A warp of White-winged Crossbills near Anna Page Park, Rockford, IL; 2/5/2012.
No sooner did I get near the trunk at the center of the Spruce and look upwards, a flock of 10 White-winged Crossbills (Above) double crossed me and landed on the roadside next to my parked car.  So I had the task of trying to sneak out from under the tree and circle back towards my car. They were now in the open, but I had to try to get to a spot where I could take pictures without scaring them back into the tree.
A female White-winged Crossbill, near Anna Page Park, Rockford, IL; 2/5/2012.
Eventually, after some stealthy movement, I was able to make a rather wide arc back around behind my car - opposite the side that the Crossbills were feeding on the ground.  Then I was able to use my car as sort of blind, and to my pleasant surprise the Crossbills did not flush back into the thick Spruce trees. I was then able to take some photos (Above and Below):

An immature male and female White-winged Crossbill near Anna Page Park, Rockford, IL; 2/5/2012.

Male White-winged Crossbills have a rosy reddish head, back, and breast, with dark lores and a small collar. They also have black wings with two bold white stripes (hence its name). Females are yellowish with the same wing markings. Immature Crossbills look like females with some additional streaking on their heads, back, flanks and breasts. Immature males will start molting into their red feathers thus giving them a rather splotchy red/yellow look about them (Above left). And of course, one can't forget about their bills which sport a long curved-down upper bill which crosses over its long curved-up lower mandible.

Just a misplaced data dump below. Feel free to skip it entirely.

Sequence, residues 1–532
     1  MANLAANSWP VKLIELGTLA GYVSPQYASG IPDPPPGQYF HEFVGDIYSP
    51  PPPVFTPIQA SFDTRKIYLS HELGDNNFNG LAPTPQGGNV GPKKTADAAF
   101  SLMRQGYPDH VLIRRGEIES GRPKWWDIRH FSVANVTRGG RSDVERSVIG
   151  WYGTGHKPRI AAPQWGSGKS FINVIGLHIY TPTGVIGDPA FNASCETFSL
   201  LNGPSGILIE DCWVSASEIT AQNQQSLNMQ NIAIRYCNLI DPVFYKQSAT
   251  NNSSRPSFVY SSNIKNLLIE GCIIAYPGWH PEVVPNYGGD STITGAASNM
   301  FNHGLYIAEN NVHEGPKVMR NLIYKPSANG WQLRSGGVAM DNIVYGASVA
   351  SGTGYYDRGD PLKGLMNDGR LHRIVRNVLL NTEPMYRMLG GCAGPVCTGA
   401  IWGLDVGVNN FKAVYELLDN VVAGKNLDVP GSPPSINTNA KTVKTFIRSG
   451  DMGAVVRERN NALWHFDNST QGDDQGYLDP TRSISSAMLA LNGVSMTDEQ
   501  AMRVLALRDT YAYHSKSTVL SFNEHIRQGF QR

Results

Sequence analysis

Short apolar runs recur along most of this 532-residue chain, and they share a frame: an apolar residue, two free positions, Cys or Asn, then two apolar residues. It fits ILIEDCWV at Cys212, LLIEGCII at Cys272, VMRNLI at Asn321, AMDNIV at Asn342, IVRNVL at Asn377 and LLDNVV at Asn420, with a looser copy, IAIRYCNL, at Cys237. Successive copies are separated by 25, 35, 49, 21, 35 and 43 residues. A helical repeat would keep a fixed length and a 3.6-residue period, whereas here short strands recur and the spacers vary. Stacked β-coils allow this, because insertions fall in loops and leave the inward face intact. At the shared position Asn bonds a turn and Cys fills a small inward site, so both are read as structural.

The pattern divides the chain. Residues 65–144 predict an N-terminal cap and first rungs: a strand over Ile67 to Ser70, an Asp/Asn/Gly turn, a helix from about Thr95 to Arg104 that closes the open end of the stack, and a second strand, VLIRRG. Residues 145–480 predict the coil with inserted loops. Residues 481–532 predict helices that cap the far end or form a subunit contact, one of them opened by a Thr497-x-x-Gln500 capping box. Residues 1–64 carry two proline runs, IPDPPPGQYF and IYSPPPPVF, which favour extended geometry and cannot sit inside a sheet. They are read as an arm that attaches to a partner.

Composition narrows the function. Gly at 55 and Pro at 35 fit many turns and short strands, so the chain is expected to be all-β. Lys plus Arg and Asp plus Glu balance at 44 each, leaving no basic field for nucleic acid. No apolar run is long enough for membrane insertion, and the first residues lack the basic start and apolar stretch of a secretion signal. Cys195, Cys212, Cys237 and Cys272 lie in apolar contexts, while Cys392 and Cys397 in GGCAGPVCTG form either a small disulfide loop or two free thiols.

Another immature male White-winger Crossbill, starting to earn its red-feathered status of a male grown up, near Anna Page Park, Rockford, IL; 2/5/2012.
A male and female pair of White-winged Crossbills, near Anna Page Park, Rockford, IL; 2/5/2012.

A pair of White-winged Crossbills, near Anna Page Park, Rockford, IL; 2/5/2012.